California’s grid restrictions could exacerbate racial inequality related to solar adoption, a new study has found.
Prohibited advancement costs related to solar panels have previously created a gap between those who can and cannot integrate such pure technologies on their roofs, the authors say. However, the state’s structural limitations also reinforce these gaps, noting that blacks have been identified and have a “disproportionate grid capacity to handle renewable solar energy.”
Installation of indoor photovoltaic (PV) systems results in an increase in current flow, which leads to a higher temperature and voltage that forces the grid. As a result, the number of families able to install such systems is limited.
“Researchers in engineering literature have been studying technical barriers to deploying the sun,” says Anna Brockway, lead author and PhD candidate at the University of California, Berkeley.
He said we wanted to connect the two threads of the questionnaire – the fairness and the technical barriers to the current deployment – to see if we could learn anything about the adoption process.
To evaluate the consolidation limits of such “distributed energy resources” (DERs), Broweway and colleagues of California’s two largest electricity suppliers, Pacific Gas and Electric (PG&E) and Southern California Edison (S.C.) say more than 30 million people.
Although their study focused on roof solar panels, DERs are an umbrella group for all small electrical supplies spread across large areas — including equipment such as backup batteries and emergency diesel generators.
After reviewing the results alongside relevant demographic data, the authors found that the PG&E and SCE grid had only enough capacity to support less than half of their families’ photovoltaic systems – and that the capacity “would strengthen demographic diversity at the destination.” News coverage of the study.
In the PG and E states, the authors found that 39 percent of households could not access “space and water heaters” or “level-1” electric chargers — even “small energy-intensive new installations” – from EV.
In the increasingly black and disadvantaged communities, the capacity to host DERs is declining, ”the authors emphasize, noting that the link between host capacity and race is“ extremely high ”among a number of other demographic indicators.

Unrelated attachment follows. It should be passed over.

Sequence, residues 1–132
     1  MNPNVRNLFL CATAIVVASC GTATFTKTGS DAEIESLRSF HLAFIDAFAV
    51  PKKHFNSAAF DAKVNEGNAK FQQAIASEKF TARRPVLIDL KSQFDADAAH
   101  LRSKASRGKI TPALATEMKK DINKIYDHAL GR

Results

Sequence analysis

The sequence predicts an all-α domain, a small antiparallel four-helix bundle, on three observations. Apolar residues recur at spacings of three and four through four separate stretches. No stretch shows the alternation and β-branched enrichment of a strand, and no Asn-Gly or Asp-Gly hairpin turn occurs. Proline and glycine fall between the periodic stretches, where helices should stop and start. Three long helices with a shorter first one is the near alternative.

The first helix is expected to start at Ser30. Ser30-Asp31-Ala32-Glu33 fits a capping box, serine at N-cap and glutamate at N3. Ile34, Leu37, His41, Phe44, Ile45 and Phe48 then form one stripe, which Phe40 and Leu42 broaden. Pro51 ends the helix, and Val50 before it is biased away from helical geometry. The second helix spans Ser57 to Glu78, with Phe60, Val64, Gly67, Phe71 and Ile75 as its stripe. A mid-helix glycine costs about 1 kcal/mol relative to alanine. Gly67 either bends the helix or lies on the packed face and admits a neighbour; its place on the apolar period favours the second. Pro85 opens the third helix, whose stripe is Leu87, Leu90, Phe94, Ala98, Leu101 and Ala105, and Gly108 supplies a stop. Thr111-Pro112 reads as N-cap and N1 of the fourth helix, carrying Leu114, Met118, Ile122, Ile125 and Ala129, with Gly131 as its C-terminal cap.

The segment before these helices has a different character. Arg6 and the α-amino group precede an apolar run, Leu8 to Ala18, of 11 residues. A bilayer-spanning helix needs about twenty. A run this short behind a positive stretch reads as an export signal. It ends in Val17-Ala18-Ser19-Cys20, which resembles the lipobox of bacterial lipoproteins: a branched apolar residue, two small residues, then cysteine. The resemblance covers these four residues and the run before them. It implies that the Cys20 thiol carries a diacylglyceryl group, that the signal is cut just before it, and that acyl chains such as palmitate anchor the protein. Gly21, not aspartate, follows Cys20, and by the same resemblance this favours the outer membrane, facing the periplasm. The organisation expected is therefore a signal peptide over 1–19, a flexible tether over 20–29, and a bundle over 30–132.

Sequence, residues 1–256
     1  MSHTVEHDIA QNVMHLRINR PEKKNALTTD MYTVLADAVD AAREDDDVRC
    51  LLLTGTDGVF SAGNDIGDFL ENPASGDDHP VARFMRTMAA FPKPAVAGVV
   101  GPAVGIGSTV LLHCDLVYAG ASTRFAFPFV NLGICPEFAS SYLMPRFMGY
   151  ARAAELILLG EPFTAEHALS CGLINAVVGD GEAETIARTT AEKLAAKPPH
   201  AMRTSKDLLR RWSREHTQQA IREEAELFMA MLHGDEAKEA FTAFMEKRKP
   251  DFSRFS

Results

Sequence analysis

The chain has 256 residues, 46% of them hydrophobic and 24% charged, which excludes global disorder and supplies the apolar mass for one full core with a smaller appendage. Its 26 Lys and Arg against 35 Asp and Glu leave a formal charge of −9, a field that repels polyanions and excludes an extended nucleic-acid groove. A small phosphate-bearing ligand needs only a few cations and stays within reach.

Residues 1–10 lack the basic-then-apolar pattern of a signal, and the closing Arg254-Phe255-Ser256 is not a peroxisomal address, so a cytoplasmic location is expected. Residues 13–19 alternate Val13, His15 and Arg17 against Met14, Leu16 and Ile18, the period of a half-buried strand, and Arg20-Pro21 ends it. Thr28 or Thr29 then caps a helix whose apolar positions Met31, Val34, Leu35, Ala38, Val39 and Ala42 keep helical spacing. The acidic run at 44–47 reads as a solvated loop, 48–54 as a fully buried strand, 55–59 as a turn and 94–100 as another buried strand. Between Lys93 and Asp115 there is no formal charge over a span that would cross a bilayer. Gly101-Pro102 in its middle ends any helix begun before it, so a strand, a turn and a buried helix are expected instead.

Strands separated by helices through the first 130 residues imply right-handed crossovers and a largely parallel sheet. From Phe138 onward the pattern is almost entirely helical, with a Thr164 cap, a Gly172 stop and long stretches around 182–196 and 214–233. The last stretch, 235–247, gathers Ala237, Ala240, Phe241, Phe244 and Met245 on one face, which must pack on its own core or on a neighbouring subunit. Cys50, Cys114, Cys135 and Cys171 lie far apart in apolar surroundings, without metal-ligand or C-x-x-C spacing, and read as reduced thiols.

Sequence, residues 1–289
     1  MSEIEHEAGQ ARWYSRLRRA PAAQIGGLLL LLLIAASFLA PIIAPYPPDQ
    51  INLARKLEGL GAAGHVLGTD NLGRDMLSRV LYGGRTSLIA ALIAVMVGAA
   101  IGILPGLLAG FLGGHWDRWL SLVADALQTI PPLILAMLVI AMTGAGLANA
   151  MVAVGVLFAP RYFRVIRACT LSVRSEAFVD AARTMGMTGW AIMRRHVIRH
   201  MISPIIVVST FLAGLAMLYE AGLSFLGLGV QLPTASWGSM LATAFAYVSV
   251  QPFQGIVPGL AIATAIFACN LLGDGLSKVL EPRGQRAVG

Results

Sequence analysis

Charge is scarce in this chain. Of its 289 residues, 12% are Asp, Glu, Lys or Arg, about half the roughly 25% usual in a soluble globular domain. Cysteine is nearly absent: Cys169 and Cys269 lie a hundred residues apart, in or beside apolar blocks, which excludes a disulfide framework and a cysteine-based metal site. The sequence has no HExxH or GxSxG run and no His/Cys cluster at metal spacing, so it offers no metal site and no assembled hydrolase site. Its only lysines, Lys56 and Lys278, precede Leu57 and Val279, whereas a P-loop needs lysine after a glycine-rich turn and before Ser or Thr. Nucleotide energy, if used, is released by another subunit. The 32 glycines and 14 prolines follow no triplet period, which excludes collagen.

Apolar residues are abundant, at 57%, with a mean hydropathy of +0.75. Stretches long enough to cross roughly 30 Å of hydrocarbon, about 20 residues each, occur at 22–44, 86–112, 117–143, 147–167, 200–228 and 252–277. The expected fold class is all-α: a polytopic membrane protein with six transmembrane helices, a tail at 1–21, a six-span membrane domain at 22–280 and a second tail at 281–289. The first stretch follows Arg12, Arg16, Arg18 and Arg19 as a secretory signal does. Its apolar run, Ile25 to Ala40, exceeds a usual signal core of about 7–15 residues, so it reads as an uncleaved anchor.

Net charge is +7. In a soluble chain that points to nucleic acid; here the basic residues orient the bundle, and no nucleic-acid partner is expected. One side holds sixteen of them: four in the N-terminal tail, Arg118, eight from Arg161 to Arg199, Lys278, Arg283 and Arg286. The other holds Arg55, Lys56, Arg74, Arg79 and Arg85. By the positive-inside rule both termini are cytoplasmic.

The authors identified such a divided generation among the non-Latin white and Latin census blocking groups (CBG) compared to the black or Asian population. In the case of disadvantaged communities, the authors found differences in seeing language discrimination as a barrier to DER adoption between the rich and the poor.
“Increasing the percentage of black population is declining,” said the researchers.
As more families install solar panels and access electric vehicles, the power grids become stronger and the gap for fair DER access could widen, the researchers warned.
“If the grid limits are not taken into account, further injustice may occur,” he wrote.
Earlier, Brokeway told Hill that the California Public Utilities Commission aims to “continuously integrate equity and access ideas into clean energy transitions.”
Meanwhile, the costs associated with roof solar systems have “decreased to almost every customer in California over the past 10 years,” said Duncan Calaway, associate professor at Berkeley Energy and Resources, told The Hill.
“The challenge is to find ways to differentiate and finance different clients,” he said.
When policymakers try to help certain communities use solar energy, they say, they need to take into account the cost of grid upgrades and the “significant costs” that will increase accessibility.
He added, “Alternative approaches such as Community Sun can provide the same economic and environmental benefits to different customers, and do not require the same grid improvements.”